City Commission Considers Zoning Amendment to Speed Conversions of Motels, Hotels into Homeless Housing

Published : Wednesday, September 12, 2018 | 2:32 AM

[Update]  Pasadena’s Planning Commission is set to vote Wednesday on a framework to amend the City’s zoning ordinances in order to streamline the process of converting hotels and motels into affordable, permanent, supportive housing for the homeless.

If passed by the Commission, City staff will draft the framework into an ordinance, which would then go to the City Council for approval.

A primary advantage of converting motels and hotels into low-cost housing is speed, Pasadena Director of Housing Bill Huang said.

The City has identified hotels which are eligible for conversion. Map by City of Pasadena

“One of the issues to consider is the demand, the need for affordable housing, particularly permanent supportive housing, and the amount of time it takes to develop a project from scratch,” he said. “The motel conversion ordinance gives us a potential avenue to shorten that time-frame.”

“The whole purpose for the ordinance overall is to find a reasonable but quick way of doing these conversions if the opportunity is presented. There’s no [current] particular opportunity or project,” Huang said. “This is in the event opportunities become available. There will be a way to do this where the motel could be converted to housing efficiently and quickly.”

Under the proposal, conversions that meet a list of criteria, such as not requiring significant exterior structure modification, could be approved administratively. Projects that don’t meet the requirements would require discretionary approval from the city.

Pasadena is already home to several permanent supportive housing projects, according to a report prepared by city staff.

They include Centennial Place on Holly Street, near City Hall, which has 142 single-room units; Euclid Villa on Euclid Avenue, with 15 one- to four-bedroom low-income apartments; and Marv’s Place on Mar Vista Avenue, with 20 units.

“It’s just another form of permanent supportive housing,” Huang said.

“These are more than just a regular apartment building because they have services that are there [already] and there’s typically more oversight and more community space and things like that,” he added. “And so you need to have an operator that is capable of really running and operating a facility like this successfully.”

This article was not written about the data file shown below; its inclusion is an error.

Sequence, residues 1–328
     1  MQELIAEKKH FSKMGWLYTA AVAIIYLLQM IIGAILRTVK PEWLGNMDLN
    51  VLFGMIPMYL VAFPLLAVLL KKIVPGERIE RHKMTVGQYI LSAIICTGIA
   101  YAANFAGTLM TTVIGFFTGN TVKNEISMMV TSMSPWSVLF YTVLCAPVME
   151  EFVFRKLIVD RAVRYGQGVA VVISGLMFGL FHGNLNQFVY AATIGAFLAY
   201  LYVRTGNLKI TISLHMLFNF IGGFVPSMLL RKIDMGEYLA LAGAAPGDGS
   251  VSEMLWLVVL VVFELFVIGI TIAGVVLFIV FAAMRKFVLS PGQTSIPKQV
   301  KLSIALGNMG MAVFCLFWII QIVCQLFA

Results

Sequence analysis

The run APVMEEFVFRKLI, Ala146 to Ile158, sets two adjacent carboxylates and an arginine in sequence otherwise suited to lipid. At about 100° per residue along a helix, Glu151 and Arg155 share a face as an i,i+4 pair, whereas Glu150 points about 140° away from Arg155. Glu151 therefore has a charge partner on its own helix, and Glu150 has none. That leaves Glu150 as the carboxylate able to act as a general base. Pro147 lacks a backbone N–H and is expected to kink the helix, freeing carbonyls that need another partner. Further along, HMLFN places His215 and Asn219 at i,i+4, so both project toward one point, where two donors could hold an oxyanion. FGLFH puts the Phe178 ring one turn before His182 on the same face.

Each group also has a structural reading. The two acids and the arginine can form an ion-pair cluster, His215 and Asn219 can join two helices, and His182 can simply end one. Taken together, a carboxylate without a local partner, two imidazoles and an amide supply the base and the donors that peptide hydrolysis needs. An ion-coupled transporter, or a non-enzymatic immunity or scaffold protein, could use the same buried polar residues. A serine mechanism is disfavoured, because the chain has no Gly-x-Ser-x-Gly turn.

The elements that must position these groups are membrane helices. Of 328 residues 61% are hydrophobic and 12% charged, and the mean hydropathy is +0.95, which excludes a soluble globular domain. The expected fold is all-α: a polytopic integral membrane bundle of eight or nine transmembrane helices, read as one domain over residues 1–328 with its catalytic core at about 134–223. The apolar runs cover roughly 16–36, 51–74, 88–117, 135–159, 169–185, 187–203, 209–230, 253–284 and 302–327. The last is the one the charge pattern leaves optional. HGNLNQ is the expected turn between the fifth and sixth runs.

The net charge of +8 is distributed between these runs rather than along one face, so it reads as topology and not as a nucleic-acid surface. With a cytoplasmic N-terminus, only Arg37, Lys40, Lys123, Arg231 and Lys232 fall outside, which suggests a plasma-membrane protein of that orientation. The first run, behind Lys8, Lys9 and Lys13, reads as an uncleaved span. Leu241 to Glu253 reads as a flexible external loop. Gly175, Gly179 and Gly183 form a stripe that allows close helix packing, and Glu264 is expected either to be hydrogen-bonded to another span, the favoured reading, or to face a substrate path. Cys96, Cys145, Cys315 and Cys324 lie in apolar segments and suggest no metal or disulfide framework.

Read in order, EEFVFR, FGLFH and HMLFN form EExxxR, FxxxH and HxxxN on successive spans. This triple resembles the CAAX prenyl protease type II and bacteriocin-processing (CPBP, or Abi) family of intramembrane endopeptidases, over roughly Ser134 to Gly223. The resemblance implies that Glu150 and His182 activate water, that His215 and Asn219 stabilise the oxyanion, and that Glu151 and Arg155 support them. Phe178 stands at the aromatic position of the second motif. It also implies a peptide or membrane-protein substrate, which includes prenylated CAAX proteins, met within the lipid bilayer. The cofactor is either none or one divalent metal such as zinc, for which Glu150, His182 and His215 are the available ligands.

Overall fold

Planning Commissioner Felicia Williams said she has her doubts.

For one, she said she doesn’t believe the community has been consulted well enough.

“I expressed concern at each of the Commission meetings on this item because of a lack of community outreach and input,” she said. Only four public comments on the topic have been submitted during the three prior meetings in which the item was discussed.

“I am a huge supporter of diverse housing options in our city,” Williams said. But she doesn’t think the zoning amendment is the appropriate way to go about it.

“The General Plan is the community’s vision for the city, and this ordinance makes hotel conversions to housing exempt from our General Plan and zoning (and) development code,” she said. “We are updating the city’s vision right now through our Specific Plans, so let’s do this the right way.”

Planning and Community Development Department Director David Reyes could not be reached for comment.

Union Station Homeless Services CEO Anne Miskey said the conversions are sorely needed.

“I think that motel conversion is an excellent way to go because it’s fast,” she said. “This is something that is a solution that we can start seeing results really quickly. And we look forward to partnering with the City on this. I think this is a win-win for Pasadena, for the homeless population. So it’s very exciting. We’re very much in favor of this.”

Streamlining the process from a zoning perspective would remove a major hurdle when it comes to housing the homeless, according to Miskey.

The Planning Commission meeting is scheduled for Wednesday at 6:30 p.m. at Pasadena City Hall, 100 N. Garfield Ave.

 

blog comments powered by Disqus